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Fernández-Nogales, M, Santos-Galindo, M, Merchán-Rubira, J, Hoozemans, JJM, Rábano, A, Ferrer, I, Avila, J, Hernández, F & Lucas, JJ 2017, 'Tau-positive nuclear indentations in P301S tauopathy mice' Brain Pathology, vol. 27, no. 3, pp. 314-322. https://doi.org/10.1111/bpa.12407

Tau-positive nuclear indentations in P301S tauopathy mice. / Fernández-Nogales, Marta; Santos-Galindo, María; Merchán-Rubira, Jesús; Hoozemans, Jeroen J M; Rábano, Alberto; Ferrer, Isidro; Avila, Jesús; Hernández, Félix; Lucas, José J.

In: Brain Pathology, Vol. 27, No. 3, 05.2017, p. 314-322.

Research output: Contribution to journalArticleAcademicpeer-review

TY - JOUR

T1 - Tau-positive nuclear indentations in P301S tauopathy mice

AU - Fernández-Nogales, Marta

AU - Santos-Galindo, María

AU - Merchán-Rubira, Jesús

AU - Hoozemans, Jeroen J M

AU - Rábano, Alberto

AU - Ferrer, Isidro

AU - Avila, Jesús

AU - Hernández, Félix

AU - Lucas, José J

N1 - © 2016 International Society of Neuropathology.

PY - 2017/5

Y1 - 2017/5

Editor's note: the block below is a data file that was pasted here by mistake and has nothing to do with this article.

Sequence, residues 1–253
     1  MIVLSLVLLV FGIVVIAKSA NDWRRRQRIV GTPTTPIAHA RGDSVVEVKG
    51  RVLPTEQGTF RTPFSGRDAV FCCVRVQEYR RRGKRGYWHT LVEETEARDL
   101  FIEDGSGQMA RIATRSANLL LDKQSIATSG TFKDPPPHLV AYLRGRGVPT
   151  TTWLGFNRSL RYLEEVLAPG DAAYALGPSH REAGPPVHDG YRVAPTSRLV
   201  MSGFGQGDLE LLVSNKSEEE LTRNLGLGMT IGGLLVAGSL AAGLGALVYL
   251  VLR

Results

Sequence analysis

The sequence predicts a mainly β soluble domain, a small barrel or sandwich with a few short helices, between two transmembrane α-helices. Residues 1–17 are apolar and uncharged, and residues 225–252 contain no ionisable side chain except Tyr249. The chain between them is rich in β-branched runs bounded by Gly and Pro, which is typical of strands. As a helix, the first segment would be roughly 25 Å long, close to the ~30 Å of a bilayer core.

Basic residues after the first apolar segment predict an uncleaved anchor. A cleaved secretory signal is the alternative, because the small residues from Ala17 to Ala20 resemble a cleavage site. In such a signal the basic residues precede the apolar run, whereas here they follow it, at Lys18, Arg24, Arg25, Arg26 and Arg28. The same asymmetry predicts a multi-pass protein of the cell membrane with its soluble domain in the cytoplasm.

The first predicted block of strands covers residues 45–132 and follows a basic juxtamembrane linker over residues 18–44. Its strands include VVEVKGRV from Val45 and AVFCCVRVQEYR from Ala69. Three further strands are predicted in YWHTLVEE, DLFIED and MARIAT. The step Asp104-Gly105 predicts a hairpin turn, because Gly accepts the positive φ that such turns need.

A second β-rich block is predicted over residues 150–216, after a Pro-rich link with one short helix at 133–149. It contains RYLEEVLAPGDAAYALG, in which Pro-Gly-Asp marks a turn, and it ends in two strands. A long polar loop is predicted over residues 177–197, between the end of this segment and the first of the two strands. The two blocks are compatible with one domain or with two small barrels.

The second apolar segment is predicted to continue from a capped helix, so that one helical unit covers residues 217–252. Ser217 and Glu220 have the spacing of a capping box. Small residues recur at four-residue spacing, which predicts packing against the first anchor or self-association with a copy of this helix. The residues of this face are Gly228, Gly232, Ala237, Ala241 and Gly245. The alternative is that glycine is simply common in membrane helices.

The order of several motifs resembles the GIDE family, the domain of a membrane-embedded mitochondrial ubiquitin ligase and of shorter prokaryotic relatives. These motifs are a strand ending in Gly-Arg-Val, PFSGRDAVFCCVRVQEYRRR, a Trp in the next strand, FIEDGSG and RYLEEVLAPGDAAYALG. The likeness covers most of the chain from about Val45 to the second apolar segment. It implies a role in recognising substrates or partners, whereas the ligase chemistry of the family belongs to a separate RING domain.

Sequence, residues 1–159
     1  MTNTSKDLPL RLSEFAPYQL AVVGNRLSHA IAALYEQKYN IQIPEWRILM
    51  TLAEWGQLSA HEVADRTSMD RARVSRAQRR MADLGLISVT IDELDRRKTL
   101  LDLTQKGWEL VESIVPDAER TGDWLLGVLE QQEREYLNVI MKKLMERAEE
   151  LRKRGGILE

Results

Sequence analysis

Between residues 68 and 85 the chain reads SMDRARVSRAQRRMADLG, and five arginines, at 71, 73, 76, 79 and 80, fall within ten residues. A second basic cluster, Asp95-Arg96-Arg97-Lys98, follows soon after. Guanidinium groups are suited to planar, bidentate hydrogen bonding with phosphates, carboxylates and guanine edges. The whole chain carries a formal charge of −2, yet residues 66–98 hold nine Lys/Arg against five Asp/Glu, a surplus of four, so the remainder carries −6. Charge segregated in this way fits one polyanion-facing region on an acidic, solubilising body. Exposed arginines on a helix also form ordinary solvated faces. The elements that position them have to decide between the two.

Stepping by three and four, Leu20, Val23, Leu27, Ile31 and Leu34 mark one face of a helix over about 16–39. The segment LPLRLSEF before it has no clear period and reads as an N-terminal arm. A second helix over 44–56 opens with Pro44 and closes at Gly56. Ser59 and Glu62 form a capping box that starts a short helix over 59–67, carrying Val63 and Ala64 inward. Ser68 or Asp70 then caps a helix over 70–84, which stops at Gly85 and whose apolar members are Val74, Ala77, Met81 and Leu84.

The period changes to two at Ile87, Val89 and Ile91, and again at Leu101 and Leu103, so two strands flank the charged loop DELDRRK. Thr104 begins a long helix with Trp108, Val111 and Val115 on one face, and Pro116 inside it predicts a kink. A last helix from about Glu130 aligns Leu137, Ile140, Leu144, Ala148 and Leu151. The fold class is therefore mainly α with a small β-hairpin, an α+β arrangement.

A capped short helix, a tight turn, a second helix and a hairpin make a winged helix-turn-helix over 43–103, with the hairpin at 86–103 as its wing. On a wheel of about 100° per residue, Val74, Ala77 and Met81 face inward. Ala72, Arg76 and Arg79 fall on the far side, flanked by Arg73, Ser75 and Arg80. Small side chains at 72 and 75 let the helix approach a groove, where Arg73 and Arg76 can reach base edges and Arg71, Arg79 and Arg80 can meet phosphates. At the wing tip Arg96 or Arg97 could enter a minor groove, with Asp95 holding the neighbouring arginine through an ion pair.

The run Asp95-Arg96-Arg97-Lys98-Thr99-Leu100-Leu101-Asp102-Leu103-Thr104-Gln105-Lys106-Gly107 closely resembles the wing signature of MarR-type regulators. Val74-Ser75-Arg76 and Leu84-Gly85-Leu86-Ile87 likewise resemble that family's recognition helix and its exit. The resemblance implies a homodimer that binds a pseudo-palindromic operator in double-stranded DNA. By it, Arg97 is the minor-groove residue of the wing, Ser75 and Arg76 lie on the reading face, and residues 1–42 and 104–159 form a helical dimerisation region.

N2 - Increased incidence of neuronal nuclear indentations is a well-known feature of the striatum of Huntington's disease (HD) brains and, in Alzheimer's disease (AD), neuronal nuclear indentations have recently been reported to correlate with neurotoxicity caused by improper cytoskeletal/nucleoskeletal coupling. Initial detection of rod-shaped tau immunostaining in nuclei of cortical and striatal neurons of HD brains and in hippocampal neurons of early Braak stage AD led us to coin the term "tau nuclear rods (TNRs)." Although TNRs traverse nuclear space, they in fact occupy narrow cytoplasmic extensions that fill indentations of the nuclear envelope and we will here refer to this histological hallmark as Tau-immunopositive nuclear indentations (TNIs). We reasoned that TNI formation is likely secondary to tau alterations as TNI detection in HD correlates with an increase in total tau, particularly of the isoforms with four tubulin binding repeats (4R-tau). Here we analyze transgenic mice that overexpress human 4R-tau with a frontotemporal lobar degeneration-tau point mutation (P301S mice) to explore whether tau alteration is sufficient for TNI formation. Immunohistochemistry with various tau antibodies, immunoelectron microscopy and double tau-immunofluorescence/DAPI-nuclear counterstaining confirmed that excess 4R-tau in P301S mice is sufficient for the detection of abundant TNIs that fill nuclear indentations. Interestingly, this does not correlate with an increase in the number of nuclear indentations, thus suggesting that excess total tau or an isoform imbalance in favor of 4R-tau facilitates tau detection inside preexisting nuclear indentations but does not induce formation of the latter. In summary, here we demonstrate that tau alteration is sufficient for TNI detection and our results suggest that the neuropathological finding of TNIs becomes a possible indicator of increased total tau and/or increased 4R/3R-tau ratio in the affected neurons apart from being an efficient way to monitor pathology-associated nuclear indentations.